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European Journal of Plant Pathology

, Volume 151, Issue 2, pp 427–438 | Cite as

Bacterial canker of cherry trees, Prunus avium, in South Africa

  • M. Otto
  • Y. Petersen
  • J. Roux
  • J. Wright
  • T. A. CoutinhoEmail author
Article
  • 166 Downloads

Abstract

In the 1980’s the causal agents of bacterial canker of cherry trees in South Africa was reported to be Pseudomonas syringae pv. syringae and Pseudomonas syringae pv. morsprunorum. Subsequently, no further studies were undertaken on the disease or causal agents. The aim of the current study was to conduct field surveys to determine the current situation pertaining to bacterial canker in the major cherry producing areas of South Africa. Following isolations from infected trees, strains were characterized using biochemical as well as multilocus sequence analyses (MLSA). Pathogenicity tests were undertaken with immature cherry fruit as well as three different cherry cultivars. Although symptoms of bacterial canker were present in all areas surveyed, P. syringae isolates were only isolated from three sites in the Western Cape Province. The isolates collected in this study showed a hypersensitive response on tobacco leaves and were pathogenic on immature cherry fruit and cherry trees. The phenotypic tests and MLSA using four genes (cts, gapA, gyrB and rpoD) showed phenotypic and genetic identity with Pseudomonas syringae pv. syringae. Selected strains induced a hypersensitive response on tobacco leaves and were pathogenic on immature cherry fruit and green cherry tree shoots. The current study shows that P. syringae pv. syringae is responsible for bacterial canker in the Western Cape Province, South Africa.

Keywords

Pseudomonas syringae MLSA Prunus Stone fruit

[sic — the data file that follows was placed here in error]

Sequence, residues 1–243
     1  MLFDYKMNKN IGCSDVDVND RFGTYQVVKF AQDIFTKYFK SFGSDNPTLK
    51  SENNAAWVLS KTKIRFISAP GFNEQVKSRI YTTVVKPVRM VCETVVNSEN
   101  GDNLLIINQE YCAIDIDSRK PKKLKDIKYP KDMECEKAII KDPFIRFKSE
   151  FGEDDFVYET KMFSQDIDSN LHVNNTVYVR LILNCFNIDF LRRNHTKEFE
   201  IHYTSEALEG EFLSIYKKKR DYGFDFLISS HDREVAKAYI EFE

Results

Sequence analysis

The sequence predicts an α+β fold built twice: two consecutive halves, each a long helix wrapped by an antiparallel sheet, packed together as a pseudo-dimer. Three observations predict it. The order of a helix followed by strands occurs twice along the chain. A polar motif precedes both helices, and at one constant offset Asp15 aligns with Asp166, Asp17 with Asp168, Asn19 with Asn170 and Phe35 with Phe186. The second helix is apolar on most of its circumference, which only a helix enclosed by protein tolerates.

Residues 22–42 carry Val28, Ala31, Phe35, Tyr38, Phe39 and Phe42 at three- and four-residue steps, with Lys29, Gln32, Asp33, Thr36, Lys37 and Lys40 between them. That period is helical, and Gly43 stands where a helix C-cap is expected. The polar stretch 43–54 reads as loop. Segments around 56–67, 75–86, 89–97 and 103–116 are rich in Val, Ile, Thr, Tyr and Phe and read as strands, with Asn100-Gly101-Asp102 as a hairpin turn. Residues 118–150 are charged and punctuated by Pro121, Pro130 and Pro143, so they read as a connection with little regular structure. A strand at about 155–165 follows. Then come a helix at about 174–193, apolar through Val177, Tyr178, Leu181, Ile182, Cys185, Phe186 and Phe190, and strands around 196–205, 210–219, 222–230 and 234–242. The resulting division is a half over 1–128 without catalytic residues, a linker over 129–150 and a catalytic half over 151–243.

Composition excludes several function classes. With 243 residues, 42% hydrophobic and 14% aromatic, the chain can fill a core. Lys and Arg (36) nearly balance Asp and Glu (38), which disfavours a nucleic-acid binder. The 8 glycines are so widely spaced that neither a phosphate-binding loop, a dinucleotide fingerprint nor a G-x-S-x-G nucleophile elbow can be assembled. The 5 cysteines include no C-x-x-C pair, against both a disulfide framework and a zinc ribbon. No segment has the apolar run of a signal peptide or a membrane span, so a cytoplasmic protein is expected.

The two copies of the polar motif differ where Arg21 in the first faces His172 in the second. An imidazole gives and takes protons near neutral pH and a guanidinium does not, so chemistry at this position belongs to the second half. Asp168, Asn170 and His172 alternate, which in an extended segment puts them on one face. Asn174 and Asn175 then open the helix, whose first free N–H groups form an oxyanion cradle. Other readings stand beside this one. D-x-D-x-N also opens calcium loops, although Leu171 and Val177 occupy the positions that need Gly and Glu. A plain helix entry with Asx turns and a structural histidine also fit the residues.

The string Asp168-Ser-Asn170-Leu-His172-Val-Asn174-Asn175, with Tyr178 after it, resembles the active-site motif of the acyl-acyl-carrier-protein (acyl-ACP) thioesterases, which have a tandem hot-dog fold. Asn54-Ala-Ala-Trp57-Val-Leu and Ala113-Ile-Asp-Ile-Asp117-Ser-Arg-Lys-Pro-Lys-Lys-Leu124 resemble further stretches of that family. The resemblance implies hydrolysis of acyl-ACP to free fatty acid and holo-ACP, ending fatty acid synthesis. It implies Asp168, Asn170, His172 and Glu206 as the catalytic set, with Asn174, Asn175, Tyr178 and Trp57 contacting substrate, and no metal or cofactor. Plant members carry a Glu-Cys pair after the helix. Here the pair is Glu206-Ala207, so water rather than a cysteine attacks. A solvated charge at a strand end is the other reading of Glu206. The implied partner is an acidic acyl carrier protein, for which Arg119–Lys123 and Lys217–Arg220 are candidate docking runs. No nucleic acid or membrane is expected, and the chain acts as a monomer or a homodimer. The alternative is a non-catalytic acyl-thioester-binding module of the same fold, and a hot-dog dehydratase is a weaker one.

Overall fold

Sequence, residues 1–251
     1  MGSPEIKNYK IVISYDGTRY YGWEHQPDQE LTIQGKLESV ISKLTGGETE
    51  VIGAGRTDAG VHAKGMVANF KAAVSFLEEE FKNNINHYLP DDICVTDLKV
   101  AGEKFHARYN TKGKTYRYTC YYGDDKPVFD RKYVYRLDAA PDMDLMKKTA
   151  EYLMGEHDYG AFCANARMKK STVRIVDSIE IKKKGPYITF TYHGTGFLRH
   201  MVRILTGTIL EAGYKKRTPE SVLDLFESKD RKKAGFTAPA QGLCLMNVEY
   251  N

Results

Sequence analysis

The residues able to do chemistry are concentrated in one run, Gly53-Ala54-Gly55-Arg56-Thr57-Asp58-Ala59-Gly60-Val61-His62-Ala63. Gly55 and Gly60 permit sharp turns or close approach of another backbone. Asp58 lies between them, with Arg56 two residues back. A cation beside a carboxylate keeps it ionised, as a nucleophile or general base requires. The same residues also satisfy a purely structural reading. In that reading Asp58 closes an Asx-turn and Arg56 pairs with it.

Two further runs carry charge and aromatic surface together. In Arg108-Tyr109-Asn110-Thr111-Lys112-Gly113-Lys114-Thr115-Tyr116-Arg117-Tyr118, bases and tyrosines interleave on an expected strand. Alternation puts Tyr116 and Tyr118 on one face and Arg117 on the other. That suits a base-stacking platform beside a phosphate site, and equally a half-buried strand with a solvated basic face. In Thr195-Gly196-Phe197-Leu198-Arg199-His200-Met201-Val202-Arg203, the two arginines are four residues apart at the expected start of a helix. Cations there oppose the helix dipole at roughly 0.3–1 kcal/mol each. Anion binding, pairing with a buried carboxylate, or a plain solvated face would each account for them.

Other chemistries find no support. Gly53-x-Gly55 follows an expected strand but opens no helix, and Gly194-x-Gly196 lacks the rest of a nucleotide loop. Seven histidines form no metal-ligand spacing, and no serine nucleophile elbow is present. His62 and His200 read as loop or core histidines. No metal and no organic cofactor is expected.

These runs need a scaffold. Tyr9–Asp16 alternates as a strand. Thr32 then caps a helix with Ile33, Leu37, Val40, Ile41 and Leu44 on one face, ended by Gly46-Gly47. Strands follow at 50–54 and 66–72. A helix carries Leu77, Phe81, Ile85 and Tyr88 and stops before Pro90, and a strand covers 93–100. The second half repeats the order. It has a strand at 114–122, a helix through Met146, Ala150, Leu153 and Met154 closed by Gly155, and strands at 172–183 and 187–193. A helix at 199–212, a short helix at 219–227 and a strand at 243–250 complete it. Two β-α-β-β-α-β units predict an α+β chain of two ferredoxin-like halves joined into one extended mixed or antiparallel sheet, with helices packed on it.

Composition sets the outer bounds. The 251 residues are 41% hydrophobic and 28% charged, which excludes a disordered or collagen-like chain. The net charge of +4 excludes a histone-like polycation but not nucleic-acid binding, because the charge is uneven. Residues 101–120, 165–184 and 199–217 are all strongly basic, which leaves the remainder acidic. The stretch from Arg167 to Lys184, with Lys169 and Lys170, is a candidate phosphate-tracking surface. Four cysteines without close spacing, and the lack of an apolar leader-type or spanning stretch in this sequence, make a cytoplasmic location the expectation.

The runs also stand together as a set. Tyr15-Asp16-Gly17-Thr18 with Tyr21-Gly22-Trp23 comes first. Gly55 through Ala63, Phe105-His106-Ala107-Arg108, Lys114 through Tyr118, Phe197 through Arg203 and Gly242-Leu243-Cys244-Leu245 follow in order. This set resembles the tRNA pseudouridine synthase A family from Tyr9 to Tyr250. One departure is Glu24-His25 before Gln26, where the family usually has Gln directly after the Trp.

Notes

Acknowledgements

The Horticultural Knowledge Group (HORTGRO) and National Research Foundation (NRF) are acknowledged for funding this research. In addition, the cherry farmers are acknowledged for access to their farms and information provided.

Compliance with ethical standards

Conflict of interest

The authors declare no conflict of interest.

Human participants and animal studies

No humans or animals were involved in the execution of this research. All authors have consented to the submission of this manuscript to EJPP.

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Copyright information

© Koninklijke Nederlandse Planteziektenkundige Vereniging 2017

Authors and Affiliations

  • M. Otto
    • 1
  • Y. Petersen
    • 2
  • J. Roux
    • 3
  • J. Wright
    • 4
  • T. A. Coutinho
    • 1
    Email author
  1. 1.Department of Microbiology and Plant Pathology, Centre for Microbial Ecology and Genomics, Forestry and Agricultural Biotechnology InstituteUniversity of PretoriaPretoriaSouth Africa
  2. 2.Agricultural Research Council, Infruitec-NietvoorbijStellenboschSouth Africa
  3. 3.Department of Plant and Soil Sciences, Forestry and Agricultural Biotechnology InstituteUniversity of PretoriaPretoriaSouth Africa
  4. 4.PretoriaSouth Africa

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